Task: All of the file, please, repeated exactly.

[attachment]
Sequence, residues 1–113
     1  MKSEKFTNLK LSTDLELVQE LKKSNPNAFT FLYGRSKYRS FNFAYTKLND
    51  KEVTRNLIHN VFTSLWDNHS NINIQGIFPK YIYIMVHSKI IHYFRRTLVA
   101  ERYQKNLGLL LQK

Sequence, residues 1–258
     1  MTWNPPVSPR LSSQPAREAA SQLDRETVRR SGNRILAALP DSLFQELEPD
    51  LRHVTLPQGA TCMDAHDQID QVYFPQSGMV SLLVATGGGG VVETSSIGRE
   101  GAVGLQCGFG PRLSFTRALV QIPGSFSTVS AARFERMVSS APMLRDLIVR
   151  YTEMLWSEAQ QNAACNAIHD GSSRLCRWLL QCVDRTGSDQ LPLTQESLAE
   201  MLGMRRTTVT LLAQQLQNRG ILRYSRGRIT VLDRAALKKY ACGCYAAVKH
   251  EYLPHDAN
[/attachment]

Sequence, residues 1–113
     1  MKSEKFTNLK LSTDLELVQE LKKSNPNAFT FLYGRSKYRS FNFAYTKLND
    51  KEVTRNLIHN VFTSLWDNHS NINIQGIFPK YIYIMVHSKI IHYFRRTLVA
   101  ERYQKNLGLL LQK

Sequence, residues 1–258
     1  MTWNPPVSPR LSSQPAREAA SQLDRETVRR SGNRILAALP DSLFQELEPD
    51  LRHVTLPQGA TCMDAHDQID QVYFPQSGMV SLLVATGGGG VVETSSIGRE
   101  GAVGLQCGFG PRLSFTRALV QIPGSFSTVS AARFERMVSS APMLRDLIVR
   151  YTEMLWSEAQ QNAACNAIHD GSSRLCRWLL QCVDRTGSDQ LPLTQESLAE
   201  MLGMRRTTVT LLAQQLQNRG ILRYSRGRIT VLDRAALKKY ACGCYAAVKH
   251  EYLPHDAN